The commission stated, “The partisan system has caused elected officials to oppose the other party’s ideas for strictly political reasons in divided government, and when there is one-party control, there has been infighting on public display that has prevented consensus building.”
The commission cited the research of Dr. Julia Sass Rubin, director of Rutgers’ Public Policy Program, which showed that candidates who run “on the line,” with the endorsement of the local political parties, “have a 35% stronger performance than those that are ‘off the line.'”
Therefore, the commission stated, nonpartisan elections “would allow any individual that is interested in running for office without having to compete in a party primary.”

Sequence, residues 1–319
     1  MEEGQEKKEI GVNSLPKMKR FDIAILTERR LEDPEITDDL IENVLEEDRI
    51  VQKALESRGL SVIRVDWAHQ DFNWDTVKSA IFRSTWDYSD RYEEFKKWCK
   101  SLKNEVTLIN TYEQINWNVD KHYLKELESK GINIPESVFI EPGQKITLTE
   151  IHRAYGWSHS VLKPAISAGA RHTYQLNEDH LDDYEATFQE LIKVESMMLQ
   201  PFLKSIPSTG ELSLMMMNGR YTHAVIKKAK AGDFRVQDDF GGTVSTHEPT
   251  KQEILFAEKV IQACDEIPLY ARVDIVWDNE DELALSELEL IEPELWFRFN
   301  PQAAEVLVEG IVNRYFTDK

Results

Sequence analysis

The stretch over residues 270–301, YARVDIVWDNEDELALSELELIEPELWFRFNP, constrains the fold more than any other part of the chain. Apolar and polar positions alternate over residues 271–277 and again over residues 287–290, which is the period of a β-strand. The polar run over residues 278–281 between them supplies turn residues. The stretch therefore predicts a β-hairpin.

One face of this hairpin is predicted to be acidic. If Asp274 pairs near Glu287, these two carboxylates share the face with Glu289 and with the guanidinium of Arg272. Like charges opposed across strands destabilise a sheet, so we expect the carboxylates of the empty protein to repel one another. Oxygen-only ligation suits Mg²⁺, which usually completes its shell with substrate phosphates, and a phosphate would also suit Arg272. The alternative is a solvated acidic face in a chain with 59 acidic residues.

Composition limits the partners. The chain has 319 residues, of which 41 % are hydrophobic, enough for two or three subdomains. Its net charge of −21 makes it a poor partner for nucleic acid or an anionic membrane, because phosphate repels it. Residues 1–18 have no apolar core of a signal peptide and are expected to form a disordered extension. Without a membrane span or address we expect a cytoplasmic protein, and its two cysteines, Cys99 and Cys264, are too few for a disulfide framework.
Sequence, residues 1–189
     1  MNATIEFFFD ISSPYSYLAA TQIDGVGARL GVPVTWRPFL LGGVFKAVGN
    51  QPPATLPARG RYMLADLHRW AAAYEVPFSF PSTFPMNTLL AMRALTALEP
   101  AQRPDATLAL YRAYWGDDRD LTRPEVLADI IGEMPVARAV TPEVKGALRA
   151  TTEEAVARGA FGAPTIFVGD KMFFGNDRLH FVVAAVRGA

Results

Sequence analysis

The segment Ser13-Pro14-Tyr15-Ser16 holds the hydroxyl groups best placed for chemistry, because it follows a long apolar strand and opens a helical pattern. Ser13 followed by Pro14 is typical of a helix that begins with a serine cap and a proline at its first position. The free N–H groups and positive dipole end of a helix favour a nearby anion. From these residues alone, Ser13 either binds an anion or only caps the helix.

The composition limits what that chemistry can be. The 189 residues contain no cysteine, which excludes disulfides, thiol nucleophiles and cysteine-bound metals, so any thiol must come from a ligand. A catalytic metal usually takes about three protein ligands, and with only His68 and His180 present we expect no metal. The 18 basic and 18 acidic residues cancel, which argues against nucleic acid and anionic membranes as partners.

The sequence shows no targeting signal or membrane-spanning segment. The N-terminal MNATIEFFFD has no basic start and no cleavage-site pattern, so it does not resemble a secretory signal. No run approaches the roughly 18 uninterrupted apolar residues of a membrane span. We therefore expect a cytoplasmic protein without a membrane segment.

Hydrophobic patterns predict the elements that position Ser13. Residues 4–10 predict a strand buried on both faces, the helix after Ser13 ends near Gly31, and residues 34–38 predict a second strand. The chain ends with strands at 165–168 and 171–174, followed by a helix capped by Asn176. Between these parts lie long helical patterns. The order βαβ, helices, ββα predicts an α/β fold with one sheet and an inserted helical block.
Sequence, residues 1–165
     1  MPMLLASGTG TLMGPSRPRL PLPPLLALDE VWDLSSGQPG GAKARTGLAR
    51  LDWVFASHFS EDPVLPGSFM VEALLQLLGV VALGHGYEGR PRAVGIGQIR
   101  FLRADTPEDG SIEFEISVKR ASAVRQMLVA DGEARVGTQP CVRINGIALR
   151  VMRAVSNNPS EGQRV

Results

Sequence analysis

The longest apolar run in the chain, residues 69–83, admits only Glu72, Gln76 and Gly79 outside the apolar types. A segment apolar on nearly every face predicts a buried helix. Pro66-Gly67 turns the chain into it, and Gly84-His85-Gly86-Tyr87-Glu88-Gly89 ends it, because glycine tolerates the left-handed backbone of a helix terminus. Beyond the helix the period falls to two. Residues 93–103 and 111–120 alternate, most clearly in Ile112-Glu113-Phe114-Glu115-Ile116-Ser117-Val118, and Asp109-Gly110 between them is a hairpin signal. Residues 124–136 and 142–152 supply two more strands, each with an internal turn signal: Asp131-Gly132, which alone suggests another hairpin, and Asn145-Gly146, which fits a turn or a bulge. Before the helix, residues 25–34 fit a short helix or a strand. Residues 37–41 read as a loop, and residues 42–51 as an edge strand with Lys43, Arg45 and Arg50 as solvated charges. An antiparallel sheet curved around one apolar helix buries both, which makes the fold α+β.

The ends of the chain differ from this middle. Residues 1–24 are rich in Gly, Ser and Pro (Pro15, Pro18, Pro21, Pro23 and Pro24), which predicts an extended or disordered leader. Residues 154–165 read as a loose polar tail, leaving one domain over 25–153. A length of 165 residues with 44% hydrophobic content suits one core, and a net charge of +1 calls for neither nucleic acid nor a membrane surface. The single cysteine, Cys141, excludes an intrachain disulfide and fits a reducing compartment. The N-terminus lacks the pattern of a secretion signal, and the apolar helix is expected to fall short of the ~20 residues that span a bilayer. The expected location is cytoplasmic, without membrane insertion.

Instead of candidates with the most votes winning outright, the commission proposes runoff elections if candidates do not pass a certain threshold to represent a majority of voters based on the race.
The report stated, “This structure would protect against the infrequent possibility of having a mayor or entire council slate elected with a small plurality of the vote and lacking the legitimacy of having a majority support from voters.”